Back then, the hours-long chats on Mondays, Wednesdays and Fridays were lucky to attract 20 viewers. Gill had contemplated a “short squeeze” attacking hedge funds as early as August, although his more consistent “bull thesis” was that gamers still favored buying physical discs for their game consoles and that, in the longer term, GameStop had a chance at reinventing its core business.
The chat was a comfortable outlet for casual investors like Kruza, newly unemployed after the pandemic dashed her hopes of getting a job as a music industry scout in Los Angeles.
“All my friends thought I was crazy for buying into this dead-end retailer and I wanted to hear what this guy had to say,” she said. “I could ask a question and people would answer and wouldn’t think I’m stupid for asking a question. You don’t get that a lot in finance.”
Gill was an ebullient presence, wearing cat-themed shirts and a bright red runner s headband and playfully bantering with online guests from the basement of his home in the Boston suburb of Wilmington. A disclaimer on Roaring Kitty's YouTube channel said he wasn't doling out financial advice — which is subject to regulation — and asked viewers to “please understand that my style of investing is extremely aggressive and I take on a substantial amount of risk. It’s likely my approach would not be suitable for you.”
He has a separate identity on Reddit's WallStreetBets, where he's known as DFV, for “deep value” plus an expletive. It wasn't until December that many of his online acquaintances realized that it was the same person.
“Roaring Kitty’s streams were humble and did not imply he had such a big position,” said Joe Fonicello, a 21-year-old college student from Connecticut.
Newcomers who got caught up in January's hype might not have realized that Roaring Kitty and the circle of WallStreetBets investors who coalesced around GameStop were not, until recently, promoting a social movement.
Kruza said she once participated in the Occupy Wall Street protest movement, and Fonicello attended last month's pro-Trump Capitol rallies that preceded the deadly riot. But the discussions on Roaring Kitty's livestream eschewed politics in favor of making money off what they considered an undervalued company.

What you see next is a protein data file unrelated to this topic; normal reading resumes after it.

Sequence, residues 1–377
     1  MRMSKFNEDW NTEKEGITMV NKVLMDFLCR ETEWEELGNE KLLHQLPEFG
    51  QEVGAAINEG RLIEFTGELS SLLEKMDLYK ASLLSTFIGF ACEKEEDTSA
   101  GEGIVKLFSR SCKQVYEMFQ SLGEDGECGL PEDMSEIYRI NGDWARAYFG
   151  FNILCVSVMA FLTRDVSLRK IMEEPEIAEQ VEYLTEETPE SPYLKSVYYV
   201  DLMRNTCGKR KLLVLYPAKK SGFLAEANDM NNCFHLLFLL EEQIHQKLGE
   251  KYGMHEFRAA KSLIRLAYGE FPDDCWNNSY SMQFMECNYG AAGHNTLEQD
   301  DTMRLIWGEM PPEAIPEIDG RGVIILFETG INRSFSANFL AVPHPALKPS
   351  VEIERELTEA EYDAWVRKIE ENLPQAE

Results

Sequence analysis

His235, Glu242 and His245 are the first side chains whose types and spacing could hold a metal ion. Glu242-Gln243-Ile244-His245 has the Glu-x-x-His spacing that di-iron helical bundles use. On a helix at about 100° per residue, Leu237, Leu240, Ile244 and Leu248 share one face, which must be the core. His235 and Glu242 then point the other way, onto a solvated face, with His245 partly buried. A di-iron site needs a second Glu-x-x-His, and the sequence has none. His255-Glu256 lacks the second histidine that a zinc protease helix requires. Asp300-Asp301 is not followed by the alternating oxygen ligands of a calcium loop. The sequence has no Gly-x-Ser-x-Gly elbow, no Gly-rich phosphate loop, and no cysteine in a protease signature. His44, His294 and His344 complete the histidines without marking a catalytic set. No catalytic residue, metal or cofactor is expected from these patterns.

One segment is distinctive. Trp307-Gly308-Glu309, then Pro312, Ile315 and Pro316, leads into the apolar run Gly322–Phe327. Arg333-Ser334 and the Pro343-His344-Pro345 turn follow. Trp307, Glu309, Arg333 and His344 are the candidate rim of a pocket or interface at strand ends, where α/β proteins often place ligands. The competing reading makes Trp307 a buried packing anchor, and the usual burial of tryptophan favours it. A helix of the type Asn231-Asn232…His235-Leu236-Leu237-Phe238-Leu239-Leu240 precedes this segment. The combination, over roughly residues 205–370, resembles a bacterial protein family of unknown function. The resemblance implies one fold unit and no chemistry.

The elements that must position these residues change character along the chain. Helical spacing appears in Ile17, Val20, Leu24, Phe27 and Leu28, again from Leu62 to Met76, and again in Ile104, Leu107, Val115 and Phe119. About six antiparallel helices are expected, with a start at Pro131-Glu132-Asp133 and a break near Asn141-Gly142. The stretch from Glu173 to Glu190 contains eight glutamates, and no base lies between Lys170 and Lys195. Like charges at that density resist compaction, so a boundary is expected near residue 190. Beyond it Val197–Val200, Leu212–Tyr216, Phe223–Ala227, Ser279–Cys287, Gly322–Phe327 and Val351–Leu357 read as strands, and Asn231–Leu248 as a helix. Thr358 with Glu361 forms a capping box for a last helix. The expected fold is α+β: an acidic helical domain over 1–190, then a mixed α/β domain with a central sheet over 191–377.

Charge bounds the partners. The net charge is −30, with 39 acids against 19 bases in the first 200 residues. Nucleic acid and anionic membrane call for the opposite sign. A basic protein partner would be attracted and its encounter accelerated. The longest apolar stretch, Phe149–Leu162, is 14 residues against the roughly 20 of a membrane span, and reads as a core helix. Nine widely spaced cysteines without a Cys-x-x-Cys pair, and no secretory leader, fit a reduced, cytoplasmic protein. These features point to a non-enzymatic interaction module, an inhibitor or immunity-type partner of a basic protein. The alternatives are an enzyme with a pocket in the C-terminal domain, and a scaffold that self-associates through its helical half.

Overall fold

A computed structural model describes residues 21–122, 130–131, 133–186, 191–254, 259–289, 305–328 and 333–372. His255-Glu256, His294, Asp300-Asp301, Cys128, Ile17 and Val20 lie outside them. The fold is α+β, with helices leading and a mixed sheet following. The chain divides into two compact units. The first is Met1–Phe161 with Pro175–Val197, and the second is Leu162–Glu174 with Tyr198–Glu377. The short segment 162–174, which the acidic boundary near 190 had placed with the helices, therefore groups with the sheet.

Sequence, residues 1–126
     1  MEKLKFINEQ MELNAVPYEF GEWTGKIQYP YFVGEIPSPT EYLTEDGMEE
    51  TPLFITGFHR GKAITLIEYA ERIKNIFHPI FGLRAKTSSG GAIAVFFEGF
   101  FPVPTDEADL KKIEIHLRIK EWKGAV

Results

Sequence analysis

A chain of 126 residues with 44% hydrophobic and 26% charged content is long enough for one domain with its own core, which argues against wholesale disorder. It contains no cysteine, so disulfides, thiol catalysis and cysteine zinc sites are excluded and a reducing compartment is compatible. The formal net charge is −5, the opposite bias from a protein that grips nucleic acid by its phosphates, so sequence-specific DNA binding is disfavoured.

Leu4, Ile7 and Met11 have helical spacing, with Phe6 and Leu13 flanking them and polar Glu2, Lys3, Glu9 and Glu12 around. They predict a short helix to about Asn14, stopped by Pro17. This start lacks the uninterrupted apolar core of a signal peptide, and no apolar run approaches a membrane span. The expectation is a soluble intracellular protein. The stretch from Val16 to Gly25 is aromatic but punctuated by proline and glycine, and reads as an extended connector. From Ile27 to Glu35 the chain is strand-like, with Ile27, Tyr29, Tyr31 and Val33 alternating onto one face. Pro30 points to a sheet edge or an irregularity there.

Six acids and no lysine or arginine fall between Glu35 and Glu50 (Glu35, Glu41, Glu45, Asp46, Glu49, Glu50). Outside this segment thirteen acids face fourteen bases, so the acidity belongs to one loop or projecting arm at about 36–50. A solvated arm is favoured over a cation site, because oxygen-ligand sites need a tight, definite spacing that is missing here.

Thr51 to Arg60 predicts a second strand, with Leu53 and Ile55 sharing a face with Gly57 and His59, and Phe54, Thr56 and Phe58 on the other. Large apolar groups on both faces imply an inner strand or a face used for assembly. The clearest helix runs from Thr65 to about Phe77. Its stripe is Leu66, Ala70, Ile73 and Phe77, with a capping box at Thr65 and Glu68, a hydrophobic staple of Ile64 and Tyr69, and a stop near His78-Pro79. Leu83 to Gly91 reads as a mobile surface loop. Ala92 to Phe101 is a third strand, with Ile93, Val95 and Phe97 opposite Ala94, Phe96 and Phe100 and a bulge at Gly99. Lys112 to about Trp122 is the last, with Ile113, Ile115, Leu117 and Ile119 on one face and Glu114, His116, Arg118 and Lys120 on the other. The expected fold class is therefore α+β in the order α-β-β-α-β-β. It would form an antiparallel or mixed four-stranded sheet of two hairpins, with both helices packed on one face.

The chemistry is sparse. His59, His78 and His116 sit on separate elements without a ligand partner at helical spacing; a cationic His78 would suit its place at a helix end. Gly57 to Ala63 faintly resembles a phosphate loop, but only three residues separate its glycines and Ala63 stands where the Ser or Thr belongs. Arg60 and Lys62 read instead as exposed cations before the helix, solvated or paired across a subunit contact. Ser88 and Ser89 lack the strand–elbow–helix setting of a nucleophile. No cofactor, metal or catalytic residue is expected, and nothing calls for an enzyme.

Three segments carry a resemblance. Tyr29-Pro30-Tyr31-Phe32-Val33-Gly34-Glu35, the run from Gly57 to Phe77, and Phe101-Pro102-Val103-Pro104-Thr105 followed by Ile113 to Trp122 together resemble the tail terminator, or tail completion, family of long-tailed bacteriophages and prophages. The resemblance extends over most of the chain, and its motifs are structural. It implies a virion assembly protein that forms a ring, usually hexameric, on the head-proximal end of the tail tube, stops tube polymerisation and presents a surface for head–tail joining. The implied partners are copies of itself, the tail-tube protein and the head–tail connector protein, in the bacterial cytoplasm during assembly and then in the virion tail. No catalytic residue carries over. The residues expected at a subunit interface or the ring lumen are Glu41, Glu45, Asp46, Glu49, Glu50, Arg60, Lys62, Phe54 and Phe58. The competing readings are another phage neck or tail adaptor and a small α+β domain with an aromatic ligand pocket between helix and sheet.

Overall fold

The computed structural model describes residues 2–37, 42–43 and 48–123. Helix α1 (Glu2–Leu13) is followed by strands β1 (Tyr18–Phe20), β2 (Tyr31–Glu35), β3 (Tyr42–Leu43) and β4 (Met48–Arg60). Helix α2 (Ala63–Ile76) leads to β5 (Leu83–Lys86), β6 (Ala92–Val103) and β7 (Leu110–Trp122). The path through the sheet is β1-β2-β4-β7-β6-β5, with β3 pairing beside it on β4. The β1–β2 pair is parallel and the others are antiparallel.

“If he decides to take profits we should support him doing so and not get upset that it may affect the price etc or say he betrayed a cause he never signed up for,” wrote one Reddit commenter this week. “If you’ve watched the guys youtube you will know he’s an extremely nice and likeable guy, would hate to see people calling him judas or whatever if he decides to sell.”
Gill didn't respond to numerous requests for comment over the past week. A woman who answered the door to his house said he was unavailable to speak.
Gill is remembered fondly in his hometown of Brockton, a former shoe industry hub known for churning out boxing greats like Rocky Marciano and Marvin Hagler. He was a top runner in high school and college, where he ran an indoor mile in just over four minutes and three seconds, said Bill Jennings, the retired head coach of the high school track team.
"That intuition he had, he just ran with it. He was a very bright young man," Jennings said. “I’m just hoping things work out extremely well for him and his family.”
AP Business Writer Alex Veiga contributed to this report from Los Angeles.